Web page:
September 12, 2017
Here We Come, Walkin’ down the street…
The argument could be made that this group – a made for TV boy band – was like the Rodney Dangerfield of rock and roll: “I don’t get no respect.”
And now, 51 years after their TV program debuted, one could also argue that perhaps there was a bit more to them then the critics said at the time.
I’m talking, of course, about the Monkees. The TV show premiered on September 12, 1966 and, in combination with the release of their first single “Last Train To Clarksville” was an immediate hit with girls of a certain age. That age would have been from about 8 to 14 years old.
But back to the critics and how the group came to be. The idea was to put together an American based band of four guys in an attempt to capitalize on, and compete with, the success of the Beatles. The four (pictured here clockwise starting top left – Davy Jones, Micky Dolenz, Peter Tork, and Michael Nesmith – were all musicians and actors. All took themselves seriously in their pursuit of a career. At the time Jones was a somewhat successful actor having played the role of the Artful Dodger in the musical “Oliver” and with his British accent and good looks was already cast for the TV show. An ad was run in the Hollywood Reporter for the rest of the band.
According to the infallible Wikipedia:
“Madness!! Auditions. Folk & Roll Musicians-Singers for acting roles in new TV series. Running Parts for 4 insane boys, age 17-21. Want spirited Ben Frank’s types. Have courage to work. Must come down for interview.
Out of 437 applicants, the other three chosen for the cast of the TV show were Michael Nesmith, Peter Tork and Micky Dolenz. Nesmith had been working as a musician since early 1963 and had been recording and releasing music under various names, including Michael Blessing and ‘Mike & John & Bill’ and had studied drama in college. Of the final four, Nesmith was the only one who actually saw the ad in Daily Variety and The Hollywood Reporter. Tork, the last to be chosen, had been working the Greenwich Village scene as a musician, and had shared the stage with Pete Seeger; he learned of The Monkees from Stephen Stills, whom Rafelson and Schneider had rejected as a songwriter. Dolenz was an actor (his father was veteran character actor George Dolenz) who had starred in the TV series Circus Boy as a child, using the stage name Mickey Braddock, and he had also played guitar and sung in a band called the Missing Links before the Monkees, which had recorded and released a very minor single, ‘Don’t Do It’. By that time he was using his real name; he found out about The Monkees through his agent.”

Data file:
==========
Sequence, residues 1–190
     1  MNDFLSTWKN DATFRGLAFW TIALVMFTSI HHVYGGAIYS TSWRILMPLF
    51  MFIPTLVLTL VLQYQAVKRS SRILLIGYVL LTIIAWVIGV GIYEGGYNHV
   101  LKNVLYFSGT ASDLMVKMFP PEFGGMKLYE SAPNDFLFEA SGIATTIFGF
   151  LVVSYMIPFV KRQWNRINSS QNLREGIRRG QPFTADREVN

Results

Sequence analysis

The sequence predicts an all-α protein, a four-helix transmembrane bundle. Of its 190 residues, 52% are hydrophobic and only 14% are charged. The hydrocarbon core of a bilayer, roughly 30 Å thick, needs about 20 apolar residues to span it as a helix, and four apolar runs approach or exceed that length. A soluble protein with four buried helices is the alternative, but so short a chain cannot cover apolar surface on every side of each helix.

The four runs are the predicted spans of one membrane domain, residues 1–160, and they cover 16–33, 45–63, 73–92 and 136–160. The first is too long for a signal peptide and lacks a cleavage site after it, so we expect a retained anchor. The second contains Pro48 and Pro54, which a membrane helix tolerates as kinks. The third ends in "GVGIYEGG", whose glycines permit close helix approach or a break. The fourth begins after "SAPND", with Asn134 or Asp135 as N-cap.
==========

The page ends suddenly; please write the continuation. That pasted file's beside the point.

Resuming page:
No doubt the four must have felt as though they hit the jackpot. Their success was almost immediate as their music resonated with the pre-teen group especially, catapulting them to the top of the music charts. As it turned out it was their music – and not the zany TV show – which proved to be the foundation for their success.
The entire Wikipedia article is worth a read if for no other reason than to gain a better understanding of the almost unbelievable story of the Monkees and their quest to be taken seriously: https://en.wikipedia.org/wiki/The_Monkees
Monkeemania gripped me when, as a pre-pubescent 9 year old in the fall of 1966, all my friends were enthralled by the group. My mother, however, was appalled and banned my sister and I from watching it. But that didn’t stop us. Somehow we managed to show up at our neighbor Diane’s house at 7:30 p.m. on the appropriate week night to watch the contraband program.
Our little neighborhood group was so gripped by Monkee’s fever that we even pretended to BE the group. Diane – our ring leader – got to be Davy Jones; my sister, Susan, wore a stocking cap and assumed the role of Michael Nesmith; our year younger neighbor, Andi, was Micky Dolenz; and, me, because of my straight blonde hair, was assigned the role of Peter Tork. I was not thrilled with that assignment as, like most of the girls, Davy was THE one we thought was the best. But then again I did get to be a member of the band!
Although the TV show only ran for two seasons, the Monkees music resonates still today. I think you could argue that it was Nesmith who seized the opportunity to make the band more than a silly sitcom. He pushed and fought for legitimacy his entire career. And although there are still naysayers it’s hard to argue with the band’s success:
- First music artist to win two Emmy Awards.
- Had seven albums on the Billboard top 200 chart at the same time (six were re-issues during 1986-1987).
- One of the first artists achieving number-one hits in the United States and United Kingdom simultaneously.
- The only recording act to have four No. 1 albums in a 12-month span.
- Held the No. 1 spot on the Billboard album chart for 31 consecutive weeks, 37 weeks total.
- Held the record for the longest stay at No. 1 for a debut record album until 1982 when Men at Work‘s debut record album Business As Usual broke that record.
- Received their star on the Hollywood Walk of fame in July 1989. All 4 members were present for the ceremony.
- In 2008, the Monkees were inducted into the Hit Parade Hall of Fame.
- In 2014 the Monkees were inducted into America’s Pop Music Hall of Fame.
- The Music Business Association (Music Biz)honored the Monkees with an Outstanding Achievement Award celebrating their 50th anniversary on May 16, 2016.
The boy bands of today have nothing on the Monkees.